Some potential projects in these directions include::

Previous Projects

Our systems have outperformed similar soft robots in power efficiency (20x more efficient) and speed (2x faster), outperformed similar modular robots in locomotion (10x faster) while maintaining a high strength-weight ratio (76x), and created the largest sensorized soft robotic dataset (18 hours).

Three spherical robots, each made of complex metal linkages.

Modular Volumetric Actuators (Auxbots)

Auxetics are materials with a negative Poisson’s ratio. Unlike, say, a rubber band, which gets skinnier as you stretch it, auxetic materials get thicker as you stretch them due to their internal geometry. In this project, we applied actuation directly to a spherical auxetic shell to create modular robots with motor-driven volume expansion (Auxbots). By controlling the shell’s geometry, we could create robots optimized for speed and expansion ratio (390% volume expansion in 0.2 seconds) or for force output (135 N max, or 76x strength-weight ratio, one of the highest ratios of any modular robot). We could explicitly make trade-offs between stiffness, speed, and force as a direct consequence of how the geometric parameters affect the overall system behavior.

We then connected multiple auxbots together for more complex actuation, similar to how biological cells come together to form tissues and organs. With the speed and size optimized auxbots, we created a 2x2x2 cube that could move forward, turn, and flip, due to the high impulse response. Meanwhile, with the force optimized auxbots, we created a flipper-like locomotion by tying adjacent auxbots together with a wire. This simultaneous lifting and bending action led to a seven-bot quadruped that could carry loads up to 1.5x its total weight (2 kg), even with some auxbots stalling out. Auxbots thus demonstrate not only how geometry gives greater control of robot performance but also offers a potential pathway to address the gap between simulation and reality.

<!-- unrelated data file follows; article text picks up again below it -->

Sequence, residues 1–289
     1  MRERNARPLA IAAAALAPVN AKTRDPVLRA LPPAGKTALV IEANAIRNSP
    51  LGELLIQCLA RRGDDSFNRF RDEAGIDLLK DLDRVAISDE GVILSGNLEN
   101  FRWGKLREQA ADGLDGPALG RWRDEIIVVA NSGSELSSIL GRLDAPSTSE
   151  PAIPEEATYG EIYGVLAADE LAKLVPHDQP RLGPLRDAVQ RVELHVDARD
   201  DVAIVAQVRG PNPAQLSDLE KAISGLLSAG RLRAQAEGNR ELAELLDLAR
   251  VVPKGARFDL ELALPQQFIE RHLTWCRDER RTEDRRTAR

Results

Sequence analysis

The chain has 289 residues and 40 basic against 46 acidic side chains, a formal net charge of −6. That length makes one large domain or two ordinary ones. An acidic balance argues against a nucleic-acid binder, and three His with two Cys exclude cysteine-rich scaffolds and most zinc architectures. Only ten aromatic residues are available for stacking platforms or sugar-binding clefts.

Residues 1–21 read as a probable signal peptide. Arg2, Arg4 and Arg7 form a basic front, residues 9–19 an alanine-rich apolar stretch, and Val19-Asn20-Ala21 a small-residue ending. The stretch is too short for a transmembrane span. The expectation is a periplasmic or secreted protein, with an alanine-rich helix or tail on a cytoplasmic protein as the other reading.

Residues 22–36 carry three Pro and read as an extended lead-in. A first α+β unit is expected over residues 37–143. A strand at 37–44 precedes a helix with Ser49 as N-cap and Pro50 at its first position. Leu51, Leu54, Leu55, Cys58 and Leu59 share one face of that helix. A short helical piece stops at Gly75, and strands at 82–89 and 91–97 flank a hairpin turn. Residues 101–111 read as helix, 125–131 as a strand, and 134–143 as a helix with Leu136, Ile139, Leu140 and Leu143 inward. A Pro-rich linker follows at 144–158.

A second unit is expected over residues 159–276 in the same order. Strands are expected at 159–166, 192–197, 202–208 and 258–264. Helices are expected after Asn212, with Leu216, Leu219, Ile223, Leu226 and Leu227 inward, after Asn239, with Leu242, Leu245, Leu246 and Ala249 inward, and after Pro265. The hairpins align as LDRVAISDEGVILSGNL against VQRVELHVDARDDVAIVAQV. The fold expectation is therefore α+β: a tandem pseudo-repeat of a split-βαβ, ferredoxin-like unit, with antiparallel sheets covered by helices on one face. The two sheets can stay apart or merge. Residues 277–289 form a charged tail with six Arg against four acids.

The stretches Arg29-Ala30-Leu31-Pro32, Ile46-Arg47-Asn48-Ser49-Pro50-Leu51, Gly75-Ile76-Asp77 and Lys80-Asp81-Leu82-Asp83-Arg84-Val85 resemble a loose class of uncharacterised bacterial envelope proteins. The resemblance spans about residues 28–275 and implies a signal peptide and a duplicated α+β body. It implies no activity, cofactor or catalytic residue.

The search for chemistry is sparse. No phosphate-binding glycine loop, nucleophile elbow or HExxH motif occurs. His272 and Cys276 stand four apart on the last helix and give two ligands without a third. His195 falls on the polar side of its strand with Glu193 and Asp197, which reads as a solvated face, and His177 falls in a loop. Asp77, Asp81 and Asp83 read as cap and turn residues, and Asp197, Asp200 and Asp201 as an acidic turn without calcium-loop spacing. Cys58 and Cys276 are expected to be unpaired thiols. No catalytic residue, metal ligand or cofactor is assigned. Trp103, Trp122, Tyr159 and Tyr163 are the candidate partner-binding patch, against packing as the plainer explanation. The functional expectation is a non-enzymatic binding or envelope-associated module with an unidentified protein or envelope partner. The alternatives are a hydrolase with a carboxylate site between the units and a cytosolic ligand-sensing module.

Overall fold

A tube with a diagonal pattern twists and expands linearly outwards.

Handed Shearing Auxetics (HSAs)

Normal auxetics expand until they reach a symmetric point. After that point, further expansion leads to a collapse down to their mirror image. By contrast, we discovered a materials called handed shearing auxetics (HSAs) that have a chirality. Thus, if a left-handed and a right-handed HSA are rotated against one another, they will fight against the other’s rotation and “lock-in” their position.

This approach enabled us to create several soft robots just by changing the geometric structure. We created a 4 degree-of-freedom robotic platform directly from HSAs by placing opposite handed HSAs in a 2x2 grid and attaching a motor to each HSA. Similar high degree-of-freedom platforms would require significantly more infrastructure, like the six prismatic joints needed for a Stewart platform. Likewise, we created robotic fingers from the HSAs by drawing a line through the pattern. This line would act as a strain-limiting layer, forcing the entire structure to bend inwards. Since the HSA gripper is motor-driven, it is 2x faster at opening and closing, 20x more power efficient, and occupies a smaller footprint than standard soft pneumatic-based grippers, all while maintaining a similar grasping performance.